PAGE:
from Todas as mulleres que fun

two poems by Andrea Nunes Brións

translations by Laura Cesarco Eglin



Pensar que estiven perdida tanto tempo,

espallándome vertixinosa polas rúas todas

con salas de espera interminables,

tatuándome nos xeonllos os bares por onde ti estabas,

afiliada a todo aquilo que rexía o teu dogma.


Leonciña, ti que tantas bandeiras reciclaches

que tanta esperanza puñas no país,

todos os días primavera.



To think that I was lost for so long,

scattering myself vertiginous through the streets, all of them

with endless waiting rooms,

tattooing my knees with the bars you used to be in,

affiliated with everything that dictated your dogma.


Little lioness, you, who has recycled so many flags,

who had so much hope in the country,

every day, spring.




Porque esta Mátria contrúese logo de perder o medo,

logo de me confesar impune,

logo de te querer até a saciedade e aínda


constrúese deconstruíndonos

e berrando que somos eucaliptas!


fíxose da terra que nos dá de beber

e mailo mar que nos rouban

(Nunca máis, máis unha vez)


das árbores que medran no patio traseiro

e velaí esta mescolansa de pretéritos e

vontades, este ser incondicional

esta revolución sen r


e tornarse Mátria este fogar entre versos que posúe algo máis


ca sonoridade característica,

algo máis que o feito de ter lingua

(e utilizala)


algo así como lamber a pel e sentir o sabor do Atlántico

e deixar o sincrónico para despois da cea

isto é

algo así como unha, que é máis veces outras que ela mesma




Because this Motherland is built after losing fear

after I confess myself unpunished

after wanting you until I’m satiated and more


it is built by deconstructing ourselves

and screaming that we are eucalyptus!


it was made from the earth that gives us to drink

and from the sea they steal from us

(Never again; once more)


from the trees that grow in the back yard

and behold this mishmash of preterits and

desires, this unconditional being

this revolution without an r


this home amidst verses becoming the Motherland—it possesses something more


with the characteristic sonority

something more than the fact of having a tongue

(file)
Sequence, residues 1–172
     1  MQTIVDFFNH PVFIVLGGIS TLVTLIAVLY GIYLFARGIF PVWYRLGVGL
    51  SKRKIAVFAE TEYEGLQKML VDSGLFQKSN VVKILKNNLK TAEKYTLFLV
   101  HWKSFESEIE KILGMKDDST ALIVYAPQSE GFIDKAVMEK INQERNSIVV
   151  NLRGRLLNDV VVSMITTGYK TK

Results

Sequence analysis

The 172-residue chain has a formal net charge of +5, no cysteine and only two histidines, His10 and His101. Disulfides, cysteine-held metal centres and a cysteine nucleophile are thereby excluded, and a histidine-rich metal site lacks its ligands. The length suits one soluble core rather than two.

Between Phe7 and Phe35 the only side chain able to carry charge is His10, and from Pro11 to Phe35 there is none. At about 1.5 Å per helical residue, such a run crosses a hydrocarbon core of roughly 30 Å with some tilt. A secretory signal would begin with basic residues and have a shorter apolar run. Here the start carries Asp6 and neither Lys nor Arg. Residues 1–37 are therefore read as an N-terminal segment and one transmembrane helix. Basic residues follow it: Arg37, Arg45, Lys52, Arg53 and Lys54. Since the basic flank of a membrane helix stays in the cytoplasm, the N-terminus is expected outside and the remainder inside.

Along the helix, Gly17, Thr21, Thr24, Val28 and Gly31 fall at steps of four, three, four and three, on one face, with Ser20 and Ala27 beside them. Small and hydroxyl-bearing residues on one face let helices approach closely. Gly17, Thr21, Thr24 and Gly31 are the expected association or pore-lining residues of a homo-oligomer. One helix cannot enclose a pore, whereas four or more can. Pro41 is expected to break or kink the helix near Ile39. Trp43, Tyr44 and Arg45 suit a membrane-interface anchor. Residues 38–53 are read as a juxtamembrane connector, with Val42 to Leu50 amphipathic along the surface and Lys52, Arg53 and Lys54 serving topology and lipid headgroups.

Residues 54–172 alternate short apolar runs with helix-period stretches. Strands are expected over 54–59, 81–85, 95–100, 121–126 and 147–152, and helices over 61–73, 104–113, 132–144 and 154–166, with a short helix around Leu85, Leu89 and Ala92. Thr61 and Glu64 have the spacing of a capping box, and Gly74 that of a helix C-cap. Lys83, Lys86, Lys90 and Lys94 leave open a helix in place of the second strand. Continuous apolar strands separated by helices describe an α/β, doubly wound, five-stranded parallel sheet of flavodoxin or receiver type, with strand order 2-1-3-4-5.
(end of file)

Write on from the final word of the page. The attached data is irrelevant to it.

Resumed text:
(and using it)


something like licking the skin and tasting the Atlantic

and leaving the synchronous for after dinner

that is

something like oneself, who is more often others than herself



Andrea Nunes Brións

Andrea Nunes Brións’s first poetry collection, Corrente do esquecemento, was published in 2007 (Aturuxo). Her second poetry collection, Todas as mulleres que fun was published in 2011 (Corsárias). She has also published in various Galician journals and magazines. Nunes Brións has participated in collectives and projects whose main concerns are the Galician language and gender. She is a feminist and a political activist. See her audio-visual work here.


Laura Cesarco Eglin

Laura Cesarco Eglin translates from Portuguese, Portuñol, Galician, and Spanish. She is the translator of Hilda Hilst’s Of Death. Minimal Odes (co•im•press, 2018). She is the author of three collections of poetry, Calling Water by Its Name, translated by Scott Spanbauer (Mouthfeel Press, 2016), Sastrería (Yaugurú, 2011), and Los brazos del saguaro (Yaugurú, 2015). She has also published two chapbooks: Occasions to Call Miracles Appropriate (The Lune, 2015) and Tailor Shop: Threads, co-translated with Teresa Williams (Finishing Line Press, 2013). Cesarco Eglin's poems and translations have appeared in various journals, including Modern Poetry in Translation, Eleven Eleven, Puerto del Sol, Copper Nickel, Spoon River Poetry Review, Arsenic Lobster, International Poetry Review, Tupelo Quarterly, Columbia Poetry Review, Blood Orange Review, Timber, Pretty Owl Poetry, Pilgrimage, Periódico de Poesía, and more. She is the co-founding editor and publisher of Veliz Books. Follow her at